Development of stepwise osteogenesis-mimicking matrices for the regulation of mesenchymal stem cell functions

  • Hoshiba T
  • Kawazoe N
  • Tateishi T
 et al. 
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Abstract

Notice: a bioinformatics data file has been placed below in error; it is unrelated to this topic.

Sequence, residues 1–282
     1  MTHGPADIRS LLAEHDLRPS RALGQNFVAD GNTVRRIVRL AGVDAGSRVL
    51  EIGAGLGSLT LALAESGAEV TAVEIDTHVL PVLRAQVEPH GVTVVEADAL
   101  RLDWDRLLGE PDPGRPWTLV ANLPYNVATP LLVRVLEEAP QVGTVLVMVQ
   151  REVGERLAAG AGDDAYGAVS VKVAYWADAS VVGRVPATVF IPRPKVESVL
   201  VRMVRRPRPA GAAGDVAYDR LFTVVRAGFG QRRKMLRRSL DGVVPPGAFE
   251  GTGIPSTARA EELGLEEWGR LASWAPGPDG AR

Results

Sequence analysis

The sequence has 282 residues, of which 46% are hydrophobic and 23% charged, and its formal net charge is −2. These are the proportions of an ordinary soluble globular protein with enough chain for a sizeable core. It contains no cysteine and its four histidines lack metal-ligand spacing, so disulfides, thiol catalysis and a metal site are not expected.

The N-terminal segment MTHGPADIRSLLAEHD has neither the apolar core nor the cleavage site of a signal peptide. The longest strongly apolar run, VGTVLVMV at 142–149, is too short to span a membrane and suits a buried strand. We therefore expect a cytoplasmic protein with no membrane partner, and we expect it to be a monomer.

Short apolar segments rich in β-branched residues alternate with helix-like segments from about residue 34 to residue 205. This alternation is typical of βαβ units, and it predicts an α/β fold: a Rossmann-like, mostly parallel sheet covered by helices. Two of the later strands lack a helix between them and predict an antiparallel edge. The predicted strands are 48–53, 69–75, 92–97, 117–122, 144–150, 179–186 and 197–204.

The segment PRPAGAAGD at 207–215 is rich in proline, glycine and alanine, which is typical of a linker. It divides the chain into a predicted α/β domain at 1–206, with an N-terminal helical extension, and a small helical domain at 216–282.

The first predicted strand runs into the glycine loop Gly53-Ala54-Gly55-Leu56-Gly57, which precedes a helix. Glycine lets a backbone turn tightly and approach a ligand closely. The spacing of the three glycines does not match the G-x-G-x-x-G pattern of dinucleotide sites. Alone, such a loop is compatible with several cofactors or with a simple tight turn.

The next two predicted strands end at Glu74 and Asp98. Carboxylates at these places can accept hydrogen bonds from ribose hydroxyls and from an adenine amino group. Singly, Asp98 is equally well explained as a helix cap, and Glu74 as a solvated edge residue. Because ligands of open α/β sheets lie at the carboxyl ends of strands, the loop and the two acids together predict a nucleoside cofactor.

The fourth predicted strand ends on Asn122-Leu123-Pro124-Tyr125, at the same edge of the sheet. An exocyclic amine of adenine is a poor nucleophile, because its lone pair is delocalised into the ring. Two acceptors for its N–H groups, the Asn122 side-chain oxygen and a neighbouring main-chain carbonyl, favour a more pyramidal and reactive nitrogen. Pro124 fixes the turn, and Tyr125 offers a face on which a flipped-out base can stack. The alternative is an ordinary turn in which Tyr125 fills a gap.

An extracellular microenvironment, including an extracellular matrix (ECM), is an important factor in regulating stem cell differentiation. During tissue development, the ECM is dynamically remodeled to regulate stem cell functions. Here, we developed matrices mimicking ECM remodeling during the osteogenesis of mesenchymal stem cells (MSCs). The matrices were prepared from cultured MSCs controlled at different stages of osteogenesis and referred to as "stepwise osteogenesis-mimicking matrices." The matrices supported the adhesion and proliferation of MSCs and showed different effects on the osteogenesis of MSCs. On the matrices mimicking the early stage of osteogenesis (early stage matrices), the osteogenesis occurred more rapidly than did that on the matrices mimicking undifferentiated stem cells (stem cell matrices) and the late stage of osteogenesis (late stage matrices). RUNX2 was similarly expressed when MSCs were cultured on both the early stage and late stage matrices but decreased on the stem cell matrices. PPARG expression in the MSCs cultured on the late stage matrices was higher than for those cultured on the stem cell and early stage matrices. This increase of PPARG expression was caused by the suppression of the amount of beta-catenin and downstream signal transduction. These results demonstrate that the osteogenesis-mimicking matrices had different effects on the osteogenesis of MSCs, and the early stage matrices provided a favorable microenvironment for the osteogenesis.

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